A White-ball Monster, Rohit Continues to Rise …

When a legend like Brian Lara puts someone in the league of some all-time greats, it’s time to listen. And when he says it in a matter-of-fact manner, terming it a non-question, it’s most definitely true.

That’s where Rohit Sharma finds himself now – on the way to becoming an all-time great limited-overs cricketer. He showed that yet again in the second T20I against Windies in Lucknow, smashing a record fourth ton in the format at the international stage. Nobody has more T20I hundreds. Nobody has even two ODI double-tons, while Rohit has three. Every time Rohit crosses a century, there’s excitement around the possibility of a fourth.

Such is the reputation Rohit has developed over the years that he is associated with not just centuries but with huge scores. Seven of those are scores of 150 or more.

Only Sourav Ganguly, Virat Kohli and Sachin Tendulkar among Indians have more centuries in ODIs than Rohit’s 21. He’s already in top three among the most successful openers from India. And he’s only 31.

Interestingly, he wasn’t even a natural opener. He was pushed into the role by MS Dhoni in 2013. Until then, he was a middle-order batsman gaining reputation for throwing away his ‘talent’. He was ‘too casual’, and even ‘lazy’. Now, he’s among the most complete batsmen in white-ball cricket.

As an opener, Rohit averages close to 60 in ODIs. As many as 19 of his 21 centuries have come while opening. These are in stark contrast to his earlier days; Rohit’s average as a non-opener is a mere 31.72.

Rohit has adapted to the role like not many have done in the past. Opening has given him the time he needs to build an innings – something he has become an expert in. Start steadily even if slowly, build partnerships through the middle-overs, and explode in the end. That’s how a typical Rohit innings is.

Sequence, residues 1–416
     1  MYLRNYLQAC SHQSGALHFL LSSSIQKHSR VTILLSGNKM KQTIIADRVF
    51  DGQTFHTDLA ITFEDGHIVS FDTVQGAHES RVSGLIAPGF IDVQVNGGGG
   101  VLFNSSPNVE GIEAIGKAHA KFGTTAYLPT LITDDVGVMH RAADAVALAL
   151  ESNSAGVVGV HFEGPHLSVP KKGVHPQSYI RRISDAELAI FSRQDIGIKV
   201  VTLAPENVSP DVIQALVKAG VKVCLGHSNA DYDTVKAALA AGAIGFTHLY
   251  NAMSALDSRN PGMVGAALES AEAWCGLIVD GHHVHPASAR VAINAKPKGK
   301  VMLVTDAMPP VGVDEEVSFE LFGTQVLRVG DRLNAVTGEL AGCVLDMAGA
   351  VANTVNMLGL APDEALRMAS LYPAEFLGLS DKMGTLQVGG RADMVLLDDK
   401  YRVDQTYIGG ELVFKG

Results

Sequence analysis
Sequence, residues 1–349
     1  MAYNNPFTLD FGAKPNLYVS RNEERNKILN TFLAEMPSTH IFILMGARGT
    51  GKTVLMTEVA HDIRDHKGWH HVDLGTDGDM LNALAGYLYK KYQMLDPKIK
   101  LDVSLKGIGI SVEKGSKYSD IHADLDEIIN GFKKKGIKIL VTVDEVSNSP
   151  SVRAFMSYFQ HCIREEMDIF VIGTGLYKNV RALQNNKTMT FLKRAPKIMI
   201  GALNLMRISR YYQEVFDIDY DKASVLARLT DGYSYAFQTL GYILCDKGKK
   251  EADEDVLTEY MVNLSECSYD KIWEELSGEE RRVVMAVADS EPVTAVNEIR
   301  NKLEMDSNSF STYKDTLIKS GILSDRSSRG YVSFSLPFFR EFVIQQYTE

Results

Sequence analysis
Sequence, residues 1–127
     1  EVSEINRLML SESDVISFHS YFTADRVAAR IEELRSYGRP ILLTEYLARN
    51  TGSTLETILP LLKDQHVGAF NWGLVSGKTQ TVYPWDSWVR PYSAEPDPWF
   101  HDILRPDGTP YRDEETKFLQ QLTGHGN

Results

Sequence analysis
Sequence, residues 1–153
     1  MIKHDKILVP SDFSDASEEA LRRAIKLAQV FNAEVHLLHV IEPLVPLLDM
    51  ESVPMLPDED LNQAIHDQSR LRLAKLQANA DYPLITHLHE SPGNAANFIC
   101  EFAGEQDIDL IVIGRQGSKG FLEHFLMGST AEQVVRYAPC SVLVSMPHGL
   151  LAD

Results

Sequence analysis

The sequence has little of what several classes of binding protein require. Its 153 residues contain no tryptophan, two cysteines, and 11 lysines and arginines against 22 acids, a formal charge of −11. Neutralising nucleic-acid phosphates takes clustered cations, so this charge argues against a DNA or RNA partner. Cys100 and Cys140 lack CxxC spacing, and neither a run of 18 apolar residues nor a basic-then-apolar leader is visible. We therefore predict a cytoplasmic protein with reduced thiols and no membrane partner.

It helps that Rohit has two excellent partners at the top. He has shared more than 4000 runs each with Shikhar Dhawan and Kohli, averaging 45 and 65 respectively. In each of these partnerships, Rohit can bring out any facet of batting depending on the situation. He can be the anchor if his partner is striking better. He can strike much better than anyone else in the side if and when needed.

The latter is the reason why Rohit has the knack of converting his centuries into bigger knocks. It’s ironic that the quickest scorer and biggest hitter that India are looking for in death overs is actually their opener. There’s no batsman more dangerous than Rohit once he crosses the 40-over mark. Since he turned opener, his strike-rate in the last 10 overs of an innings is close to 210. It’s more than AB de Villiers’, it’s more than MS Dhoni’s.

Rohit is able to do that so easily because he hits sixes at will. Only Dhoni, among Indians, has hit more sixes in ODI cricket. Dhoni has taken 11574 balls for 218 sixes. Rohit has 202 sixes in 8406 balls. He’s sixth in the list of top six-hitters in the game, below Shahid Afridi, Chris Gayle, Sanath Jayasuriya, Dhoni and de Villiers. Among these, only Gayle and Afridi hit sixes more frequently than Rohit. It’s this remarkable ability to clear the ground that helps Rohit in T20 cricket too.

Top six-hitters in ODIs

The numbers are similar in T20Is. Only Chris Gayle and Martin Guptill have hit more sixes than Rohit has. Only Guptill is above Rohit in the run-scorers list.

What’s incredible is that Rohit has managed to get the big hits while not compromising on consistency. It was a term that eluded him in his early years. He was talented, but never consistent. The shift in 2013 changed that, and how.

The maximum period Rohit has gone without a half-century since turning opener is seven innings. This includes terrific runs all over the world irrespective of conditions. Unlike in Test cricket, Rohit has no problems with the white ball; 12 of his 21 tons have come away from home. Four of those in Australia, two in England, and one in South Africa. A lot of that is down to his ability to play late, and of his shots off the back-foot. Everyone cuts well, but Rohit is a rare Indian batsman who can pull – along the ground and over the boundary.

Rohit had a slight blip earlier this year when he went four innings without a 50 in South Africa, but slammed a ton in the fifth game. He has 1030 runs from 19 ODIs, and 556 runs from 15 T20Is this year. He has done this while leading the team to series victories in the Nidahas Trophy T20s, Asia Cup ODIs and now the Windies T20Is.

He is slightly overshadowed – in batting and captaincy – by the record-breaking machine called Kohli. He’d probably be celebrated even more if all the attention wasn’t – not without reason – on Kohli. Despite that, Rohit is a white-ball monster on his own. There’s still a lot to be done with the up and down red-ball career though, starting with the Australia tour.